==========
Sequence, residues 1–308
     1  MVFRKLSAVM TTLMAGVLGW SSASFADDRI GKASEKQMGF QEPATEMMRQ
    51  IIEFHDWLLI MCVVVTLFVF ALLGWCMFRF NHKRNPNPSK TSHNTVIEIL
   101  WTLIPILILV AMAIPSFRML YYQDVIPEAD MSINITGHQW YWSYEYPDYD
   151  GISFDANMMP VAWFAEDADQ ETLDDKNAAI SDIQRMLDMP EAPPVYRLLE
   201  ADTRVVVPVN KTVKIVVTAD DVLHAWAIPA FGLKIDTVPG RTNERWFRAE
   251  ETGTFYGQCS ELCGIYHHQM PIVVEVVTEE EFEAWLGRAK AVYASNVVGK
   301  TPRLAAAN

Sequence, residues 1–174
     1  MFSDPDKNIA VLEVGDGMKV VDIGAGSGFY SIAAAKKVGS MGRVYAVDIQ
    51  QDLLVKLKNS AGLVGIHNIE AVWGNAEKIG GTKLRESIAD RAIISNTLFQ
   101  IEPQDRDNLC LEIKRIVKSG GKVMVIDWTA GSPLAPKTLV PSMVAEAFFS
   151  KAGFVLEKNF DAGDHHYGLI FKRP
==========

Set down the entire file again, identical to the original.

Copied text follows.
Sequence, residues 1–308
     1  MVFRKLSAVM TTLMAGVLGW SSASFADDRI GKASEKQMGF QEPATEMMRQ
    51  IIEFHDWLLI MCVVVTLFVF ALLGWCMFRF NHKRNPNPSK TSHNTVIEIL
   101  WTLIPILILV AMAIPSFRML YYQDVIPEAD MSINITGHQW YWSYEYPDYD
   151  GISFDANMMP VAWFAEDADQ ETLDDKNAAI SDIQRMLDMP EAPPVYRLLE
   201  ADTRVVVPVN KTVKIVVTAD DVLHAWAIPA FGLKIDTVPG RTNERWFRAE
   251  ETGTFYGQCS ELCGIYHHQM PIVVEVVTEE EFEAWLGRAK AVYASNVVGK
   301  TPRLAAAN

Sequence, residues 1–174
     1  MFSDPDKNIA VLEVGDGMKV VDIGAGSGFY SIAAAKKVGS MGRVYAVDIQ
    51  QDLLVKLKNS AGLVGIHNIE AVWGNAEKIG GTKLRESIAD RAIISNTLFQ
   101  IEPQDRDNLC LEIKRIVKSG GKVMVIDWTA GSPLAPKTLV PSMVAEAFFS
   151  KAGFVLEKNF DAGDHHYGLI FKRP